Ultrasonic Ranging Module HC - SR04

Hello people.

I am trying to get a “Ultrasonic Ranging Module HC - SR04” working with the 3pi. A friend gave it to me saying it might be defective, and so far it is not working… I don’t know if it’s my programming, wiring, or the device itself that’s causing issues. Basically I want to use the sonar module to do a kind of wall following thing like with the Sharp distance sensors.

The module has 4 pins: VCC, GND, TRIG and ECHO. Apparently TRIG is the pin used to send a start signal to the sonar module and ECHO reports the information back.

Here is my wiring (please don’t blast me if I am totally wrong on this):

I just connected the VCC & GND from the module to VCC & GND on the 3pi, and I connected TRIG to AD6 and ECHO to AD7 (I removed the appropriate jumper to free those I/Os).

As for the programming, I am pretty confused on what to do. I have read the documentation on the sonar module but it does not explain much (at least for me). I have tried using AD6 as a digital output and AD7 as a digital input, analog input and PWM input without any results.

This is the code that I last tried:

[code]void initialize()
{
pulse_in_start((unsigned char) {IO_D7}, 1);
//set_analog_mode(MODE_8_BIT);
while(!button_is_pressed(BUTTON_B));
play_from_program_space(go);
while(is_playing());
delay_ms(200);

}

int main()
{
// set up the 3pi
initialize();

    // This is the "main loop" - it will run forever.
    
    while(1)
    {       
    		set_digital_output(IO_D6, HIGH);
    		delay_us(10);
    		set_digital_output(IO_D6, LOW);
    		unsigned char newPulse = new_pulse(7);
    		if(newPulse)
    			set_motors(50,50);
    		delay_ms(500);
    		set_motors(0,0);
    		delay_ms(200);
    }

    // This part of the code is never reached.  A robot should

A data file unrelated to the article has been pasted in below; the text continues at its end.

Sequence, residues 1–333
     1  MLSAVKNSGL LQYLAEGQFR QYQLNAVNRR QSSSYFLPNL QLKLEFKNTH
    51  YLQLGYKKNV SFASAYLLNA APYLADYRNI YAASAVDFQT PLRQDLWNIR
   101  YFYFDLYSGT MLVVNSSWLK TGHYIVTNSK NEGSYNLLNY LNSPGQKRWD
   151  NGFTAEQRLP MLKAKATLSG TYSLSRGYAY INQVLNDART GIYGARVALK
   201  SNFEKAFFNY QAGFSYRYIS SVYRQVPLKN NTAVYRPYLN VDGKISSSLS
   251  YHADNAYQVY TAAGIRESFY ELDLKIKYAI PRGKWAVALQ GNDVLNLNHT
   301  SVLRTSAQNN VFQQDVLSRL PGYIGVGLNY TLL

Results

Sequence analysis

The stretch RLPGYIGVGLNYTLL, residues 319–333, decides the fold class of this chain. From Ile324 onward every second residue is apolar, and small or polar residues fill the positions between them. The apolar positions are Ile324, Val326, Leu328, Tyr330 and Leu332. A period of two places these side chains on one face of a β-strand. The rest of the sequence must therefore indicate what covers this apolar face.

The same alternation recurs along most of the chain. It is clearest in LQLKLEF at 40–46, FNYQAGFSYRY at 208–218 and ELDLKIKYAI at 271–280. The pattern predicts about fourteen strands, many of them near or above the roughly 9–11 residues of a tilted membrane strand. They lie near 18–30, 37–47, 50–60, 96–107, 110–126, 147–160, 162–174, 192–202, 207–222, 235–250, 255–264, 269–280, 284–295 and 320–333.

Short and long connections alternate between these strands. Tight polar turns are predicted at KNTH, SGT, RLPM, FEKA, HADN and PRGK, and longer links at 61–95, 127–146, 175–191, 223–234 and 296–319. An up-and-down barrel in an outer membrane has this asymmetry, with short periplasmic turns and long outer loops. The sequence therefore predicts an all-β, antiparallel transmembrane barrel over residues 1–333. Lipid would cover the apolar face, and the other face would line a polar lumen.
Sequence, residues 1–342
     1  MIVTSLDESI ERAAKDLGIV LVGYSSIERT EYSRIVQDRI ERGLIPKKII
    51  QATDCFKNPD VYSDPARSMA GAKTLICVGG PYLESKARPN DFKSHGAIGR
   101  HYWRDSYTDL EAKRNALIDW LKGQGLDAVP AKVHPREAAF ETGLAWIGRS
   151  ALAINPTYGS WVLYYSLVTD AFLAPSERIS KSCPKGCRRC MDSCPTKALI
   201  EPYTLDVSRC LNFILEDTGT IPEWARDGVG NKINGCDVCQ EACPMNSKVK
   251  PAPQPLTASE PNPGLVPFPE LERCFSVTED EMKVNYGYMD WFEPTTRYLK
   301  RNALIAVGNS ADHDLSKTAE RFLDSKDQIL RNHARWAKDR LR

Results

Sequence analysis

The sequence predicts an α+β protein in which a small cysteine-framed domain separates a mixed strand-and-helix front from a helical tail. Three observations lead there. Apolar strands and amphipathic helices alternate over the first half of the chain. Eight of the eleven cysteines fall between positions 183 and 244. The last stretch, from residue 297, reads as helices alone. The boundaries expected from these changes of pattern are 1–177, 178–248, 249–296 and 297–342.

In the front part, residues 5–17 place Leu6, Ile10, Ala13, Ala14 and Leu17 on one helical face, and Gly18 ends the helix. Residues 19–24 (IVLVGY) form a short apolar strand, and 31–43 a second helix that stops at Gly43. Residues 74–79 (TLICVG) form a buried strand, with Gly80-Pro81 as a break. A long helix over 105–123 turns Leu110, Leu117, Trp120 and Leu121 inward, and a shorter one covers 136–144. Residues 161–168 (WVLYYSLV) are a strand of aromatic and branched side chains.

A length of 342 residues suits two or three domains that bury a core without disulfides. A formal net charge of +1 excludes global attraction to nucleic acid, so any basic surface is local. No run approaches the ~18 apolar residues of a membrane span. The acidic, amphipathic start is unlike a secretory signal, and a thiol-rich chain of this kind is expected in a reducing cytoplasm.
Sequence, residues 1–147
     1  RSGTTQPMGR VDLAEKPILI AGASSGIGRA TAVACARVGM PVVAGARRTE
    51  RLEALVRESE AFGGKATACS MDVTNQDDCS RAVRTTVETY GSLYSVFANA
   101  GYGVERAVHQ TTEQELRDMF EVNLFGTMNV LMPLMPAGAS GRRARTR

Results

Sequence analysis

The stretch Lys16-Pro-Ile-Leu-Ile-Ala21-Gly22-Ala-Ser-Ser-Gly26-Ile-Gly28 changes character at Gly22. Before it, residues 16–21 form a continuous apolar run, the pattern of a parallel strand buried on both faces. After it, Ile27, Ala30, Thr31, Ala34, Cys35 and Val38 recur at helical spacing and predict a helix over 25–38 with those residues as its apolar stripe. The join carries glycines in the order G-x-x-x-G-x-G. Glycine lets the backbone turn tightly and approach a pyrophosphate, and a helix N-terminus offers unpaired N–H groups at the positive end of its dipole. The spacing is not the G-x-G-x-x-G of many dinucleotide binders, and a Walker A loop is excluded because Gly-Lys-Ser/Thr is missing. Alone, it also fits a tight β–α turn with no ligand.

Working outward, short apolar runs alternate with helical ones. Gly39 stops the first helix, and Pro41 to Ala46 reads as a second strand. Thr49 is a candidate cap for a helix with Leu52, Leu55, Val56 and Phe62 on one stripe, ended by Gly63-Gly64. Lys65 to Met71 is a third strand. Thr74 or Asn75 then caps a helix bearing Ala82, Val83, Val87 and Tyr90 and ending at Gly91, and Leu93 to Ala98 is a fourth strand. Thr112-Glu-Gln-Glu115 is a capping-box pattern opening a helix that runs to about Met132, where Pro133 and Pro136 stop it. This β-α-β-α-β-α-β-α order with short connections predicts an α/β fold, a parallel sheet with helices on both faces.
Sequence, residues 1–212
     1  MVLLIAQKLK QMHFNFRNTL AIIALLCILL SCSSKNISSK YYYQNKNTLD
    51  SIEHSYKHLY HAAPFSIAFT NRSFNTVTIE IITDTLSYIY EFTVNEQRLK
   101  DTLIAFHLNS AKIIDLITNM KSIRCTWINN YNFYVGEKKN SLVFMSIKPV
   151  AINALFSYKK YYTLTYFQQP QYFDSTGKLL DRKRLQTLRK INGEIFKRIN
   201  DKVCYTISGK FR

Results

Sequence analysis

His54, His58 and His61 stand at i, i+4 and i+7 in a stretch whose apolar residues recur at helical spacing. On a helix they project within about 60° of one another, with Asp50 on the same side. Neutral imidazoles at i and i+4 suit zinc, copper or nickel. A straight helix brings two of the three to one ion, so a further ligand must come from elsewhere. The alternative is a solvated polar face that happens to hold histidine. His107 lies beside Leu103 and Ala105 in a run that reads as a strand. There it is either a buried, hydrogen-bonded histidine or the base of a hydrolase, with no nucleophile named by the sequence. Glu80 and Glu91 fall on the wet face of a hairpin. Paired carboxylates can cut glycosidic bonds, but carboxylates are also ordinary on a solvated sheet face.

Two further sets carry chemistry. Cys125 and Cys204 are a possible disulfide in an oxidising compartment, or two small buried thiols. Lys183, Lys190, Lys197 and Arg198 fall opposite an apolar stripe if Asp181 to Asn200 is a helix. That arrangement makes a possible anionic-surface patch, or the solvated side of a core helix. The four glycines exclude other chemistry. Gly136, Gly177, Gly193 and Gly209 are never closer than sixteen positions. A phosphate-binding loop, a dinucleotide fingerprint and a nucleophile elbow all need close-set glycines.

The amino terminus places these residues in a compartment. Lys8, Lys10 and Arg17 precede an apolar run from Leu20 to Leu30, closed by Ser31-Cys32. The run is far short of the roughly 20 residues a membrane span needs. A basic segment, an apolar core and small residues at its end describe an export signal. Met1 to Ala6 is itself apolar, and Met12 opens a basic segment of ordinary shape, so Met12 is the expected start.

// never reach the end of its program, or unpredictable behavior
    // will result as random code starts getting executed.  If you
    // really want to stop all actions at some point, set your motors
    // to 0,0 and run the following command to loop forever:
    //
    // while(1);

}[/code]

Here is the link to the datasheet that I found: http://www.micropik.com/PDF/HCSR04.pdf

Any help is greatly appreciated.

Hello.

There are a couple of problems with what you’re doing. The first is your choice of ADC6 and ADC7 as pins to use. These two pins are dedicated analog inputs and cannot be used as digital inputs or outputs. Also, these pins are not the same as PD6 and PD7, which are digital pins assigned to hardware on the 3pi. Secondly, you aren’t using the PulseIn library quite right. Before complicating things with the pulse-in library, lets just test it out with simpler code so you can see if the sensor even works.

I suggest you connect pin PD1 to TRIG and pin PD0 to ECHO. Can you then try the following (untested) code and let me know what happens? What I hope it does is take one reading every second and print the results to the LCD (both in units of microseconds and inches).

[code]
int main()
{
set_digital_output(IO_D1, LOW); // make trigger pin low
delay_ms(100); // give the sensor time to start up

while (1) // main loop (loop forever)
{
clear(); // clear the LCD
print(“TRIG”); // print to the LCD
set_digital_output(IO_D1, HIGH); // make a 10 us pulse on TRIG
delay_us(10);
set_digital_output(IO_D1, LOW);

while (!is_digital_input_high(IO_D0));  // wait until pin PD0 goes high (start of echo pulse)
unsigned long ticks = get_ticks();  // get the current system time in ticks
while (is_digital_input_high(IO_D0));  // wait until pin PD0 goes low (end of echo pulse)
ticks = get_ticks() - ticks;  // length of the echo pulse in ticks (units are 0.4 us)

clear();  // clear LCD
print_unsigned_long(ticks*4/10);  // print echo pulse length in us
print("us");
lcd_goto_xy(0, 1);  // got to start of second LCD row
print_unsigned_long(ticks*4/(10*148)); // convert pulse to inches
print(" in");

delay_ms(1000);  // wait for 1 second

}
}[/code]